We lost a deep knowledge of our songs. When we removed the hymnal, we gained the ability to add new songs to our repertoire whenever we encounter one we deem worthy. And we do—we add new songs all the time. As we add new songs with greater regularity, we sing old songs with less frequency. This reduces our familiarity with our songs so that today we have far fewer of them fixed in our minds and hearts. Few congregations could sing even the greatest hymns without that PowerPoint screen.

We lost the ability to do harmonies. Hymnody grew up at a time when instrumentation took a back seat to the voice. Hymns were most often written so they could be sung a cappella or with minimal instrumentation. For that reason, hymnals almost invariably included the music for both melody and harmonies and congregations learned to sing the parts. The loss of the hymnal and the associated rise of the worship band has reduced our ability to harmonize and, in that way, to sing to the fullest of our abilities.

We lost the ability to sing skillfully. As congregations have lost their knowledge of their songs, they have lost the ability to sing them well. We tend to compensate for our poorly-sung songs by cranking up the volume of the musical accompaniment. The loss of the voice has given rise to the gain of the amplifier. This leads to our music being dominated by a few instrumentalists and perhaps a pair of miced-up vocalists while the larger congregation plays only a meager role. In fact, it often seems like all we want from the congregation is their enthusiasm.

We lost the ability to have the songs in our homes. Hymnals usually lived at the church, resting from Monday to Saturday in the little pockets on the back of the pews. But people also bought their own and took them home so the family could have that established body of songs there as well. Families would often sing together as part of their family worship. It is easy to imagine a family singing “It Is Well With My Soul” after eating dinner together, but almost impossible to imagine them singing, “Oceans.”

It is probably too late to go back to the hymnal. I am not at all convinced we ought to. But it is still worth considering what we lost along the way and how congregational singing has been utterly transformed by what may appear to have been a simple and practical switch in the media. That little change from book to screen changed nearly everything.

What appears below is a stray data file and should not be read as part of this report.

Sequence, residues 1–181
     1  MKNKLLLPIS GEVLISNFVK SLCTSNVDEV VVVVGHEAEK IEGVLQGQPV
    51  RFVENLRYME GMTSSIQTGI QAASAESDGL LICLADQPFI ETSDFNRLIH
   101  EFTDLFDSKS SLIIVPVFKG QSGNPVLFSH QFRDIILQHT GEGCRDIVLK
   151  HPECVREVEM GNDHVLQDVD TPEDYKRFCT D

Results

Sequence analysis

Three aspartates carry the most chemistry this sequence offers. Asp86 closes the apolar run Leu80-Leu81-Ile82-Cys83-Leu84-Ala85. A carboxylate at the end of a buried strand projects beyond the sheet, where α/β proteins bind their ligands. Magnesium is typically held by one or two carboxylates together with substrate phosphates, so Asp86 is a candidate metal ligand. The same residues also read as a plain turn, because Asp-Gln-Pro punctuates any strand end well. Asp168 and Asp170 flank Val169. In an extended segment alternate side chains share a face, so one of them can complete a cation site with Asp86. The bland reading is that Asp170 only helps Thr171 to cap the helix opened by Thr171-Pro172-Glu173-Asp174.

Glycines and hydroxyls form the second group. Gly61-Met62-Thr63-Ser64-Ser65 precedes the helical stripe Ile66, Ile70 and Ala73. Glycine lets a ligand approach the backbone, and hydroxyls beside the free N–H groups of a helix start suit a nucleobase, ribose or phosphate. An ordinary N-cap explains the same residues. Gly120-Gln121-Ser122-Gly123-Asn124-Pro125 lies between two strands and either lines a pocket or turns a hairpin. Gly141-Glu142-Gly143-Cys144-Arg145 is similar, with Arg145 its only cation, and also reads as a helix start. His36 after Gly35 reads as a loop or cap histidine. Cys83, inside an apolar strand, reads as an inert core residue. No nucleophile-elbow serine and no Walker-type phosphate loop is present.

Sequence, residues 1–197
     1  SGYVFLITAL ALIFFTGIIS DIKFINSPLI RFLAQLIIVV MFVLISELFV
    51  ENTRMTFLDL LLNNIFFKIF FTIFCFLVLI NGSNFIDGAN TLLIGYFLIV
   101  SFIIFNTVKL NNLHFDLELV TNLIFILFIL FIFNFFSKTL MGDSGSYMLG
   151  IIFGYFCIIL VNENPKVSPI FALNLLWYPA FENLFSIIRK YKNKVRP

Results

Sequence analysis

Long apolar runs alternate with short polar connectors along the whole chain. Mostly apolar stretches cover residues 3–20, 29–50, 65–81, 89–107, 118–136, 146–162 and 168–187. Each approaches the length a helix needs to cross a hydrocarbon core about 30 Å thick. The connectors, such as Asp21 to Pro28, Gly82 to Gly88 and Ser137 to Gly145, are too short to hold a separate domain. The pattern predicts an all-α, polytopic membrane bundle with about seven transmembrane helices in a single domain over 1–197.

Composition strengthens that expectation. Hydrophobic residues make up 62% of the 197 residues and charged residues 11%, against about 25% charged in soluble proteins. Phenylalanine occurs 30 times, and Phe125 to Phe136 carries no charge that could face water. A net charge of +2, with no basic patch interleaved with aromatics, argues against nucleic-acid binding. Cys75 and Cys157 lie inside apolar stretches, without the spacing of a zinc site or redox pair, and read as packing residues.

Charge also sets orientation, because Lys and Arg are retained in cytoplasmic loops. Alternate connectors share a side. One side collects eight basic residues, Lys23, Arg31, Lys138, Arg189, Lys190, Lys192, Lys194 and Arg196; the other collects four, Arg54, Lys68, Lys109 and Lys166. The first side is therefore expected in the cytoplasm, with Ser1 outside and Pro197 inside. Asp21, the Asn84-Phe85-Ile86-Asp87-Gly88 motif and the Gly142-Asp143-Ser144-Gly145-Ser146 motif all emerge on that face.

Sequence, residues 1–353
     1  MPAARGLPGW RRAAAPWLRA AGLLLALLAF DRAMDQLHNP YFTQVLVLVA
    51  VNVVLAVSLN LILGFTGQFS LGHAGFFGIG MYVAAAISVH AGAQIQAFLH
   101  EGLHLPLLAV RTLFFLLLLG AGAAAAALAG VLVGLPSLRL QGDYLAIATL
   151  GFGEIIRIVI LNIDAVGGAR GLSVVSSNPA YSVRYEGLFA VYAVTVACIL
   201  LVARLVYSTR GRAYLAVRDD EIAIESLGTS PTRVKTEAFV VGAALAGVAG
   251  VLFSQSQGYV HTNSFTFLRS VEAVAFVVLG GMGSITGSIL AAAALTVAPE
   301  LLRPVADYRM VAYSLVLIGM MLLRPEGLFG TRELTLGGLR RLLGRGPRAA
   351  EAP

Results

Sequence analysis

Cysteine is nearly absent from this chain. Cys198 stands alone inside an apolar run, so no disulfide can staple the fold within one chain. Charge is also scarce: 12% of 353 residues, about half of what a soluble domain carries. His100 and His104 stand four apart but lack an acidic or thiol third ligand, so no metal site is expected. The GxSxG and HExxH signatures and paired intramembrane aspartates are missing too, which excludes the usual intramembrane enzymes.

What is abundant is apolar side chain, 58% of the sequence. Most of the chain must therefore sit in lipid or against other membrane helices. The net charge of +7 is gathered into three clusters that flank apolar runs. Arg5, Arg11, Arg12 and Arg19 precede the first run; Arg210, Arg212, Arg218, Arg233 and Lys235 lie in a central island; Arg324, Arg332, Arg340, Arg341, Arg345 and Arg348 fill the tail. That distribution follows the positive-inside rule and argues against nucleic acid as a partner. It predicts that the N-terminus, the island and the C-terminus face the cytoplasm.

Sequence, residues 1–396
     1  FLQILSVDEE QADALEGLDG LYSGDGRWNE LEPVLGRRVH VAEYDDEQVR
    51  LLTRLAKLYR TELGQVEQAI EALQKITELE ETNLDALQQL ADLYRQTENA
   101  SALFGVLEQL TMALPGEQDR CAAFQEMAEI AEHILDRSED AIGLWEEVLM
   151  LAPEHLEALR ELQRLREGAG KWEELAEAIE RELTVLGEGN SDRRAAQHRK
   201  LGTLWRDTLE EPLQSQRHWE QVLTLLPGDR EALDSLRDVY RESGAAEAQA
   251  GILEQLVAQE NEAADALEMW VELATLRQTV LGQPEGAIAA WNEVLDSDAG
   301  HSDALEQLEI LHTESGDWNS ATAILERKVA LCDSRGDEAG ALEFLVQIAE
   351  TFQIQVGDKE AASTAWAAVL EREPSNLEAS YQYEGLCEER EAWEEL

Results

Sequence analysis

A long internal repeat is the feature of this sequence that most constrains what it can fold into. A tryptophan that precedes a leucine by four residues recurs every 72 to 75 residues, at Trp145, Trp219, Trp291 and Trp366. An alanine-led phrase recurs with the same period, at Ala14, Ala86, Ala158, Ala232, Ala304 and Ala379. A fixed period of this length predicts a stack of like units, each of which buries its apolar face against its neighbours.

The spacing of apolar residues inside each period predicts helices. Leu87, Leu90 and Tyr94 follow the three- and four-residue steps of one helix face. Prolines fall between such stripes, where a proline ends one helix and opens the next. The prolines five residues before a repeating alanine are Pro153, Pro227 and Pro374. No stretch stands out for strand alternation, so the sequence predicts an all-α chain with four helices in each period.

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rtreborb
52 days ago
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rtreborb
52 days ago
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Lack of Oxford Comma Could Cost Maine Company Millions in Overtime Dispute

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Daniel Victor, reporting for The New York Times:

A class-action lawsuit about overtime pay for truck drivers hinged entirely on a debate that has bitterly divided friends, families and foes: The dreaded — or totally necessary — Oxford comma, perhaps the most polarizing of punctuation marks.

What ensued in the United States Court of Appeals for the First Circuit, and in a 29-page court decision handed down on Monday, was an exercise in high-stakes grammar pedantry that could cost a dairy company in Portland, Me., an estimated $10 million. […]

The debate over commas is often a pretty inconsequential one, but it was anything but for the truck drivers. Note the lack of Oxford comma — also known as the serial comma — in the following state law, which says overtime rules do not apply to:

The canning, processing, preserving, freezing, drying, marketing, storing, packing for shipment or distribution of:

(1) Agricultural produce;

(2) Meat and fish products; and

(3) Perishable foods.

The dairy company argued that “packing for shipment” and “distribution” were two different items in the list; the truck drivers argued that it was just one item: “packing for shipment or distribution”.

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rtreborb
64 days ago
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1 public comment
dannberg
67 days ago
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I've never heard a valid argument *against* using the Oxford Comma, except "that's just how we do it here."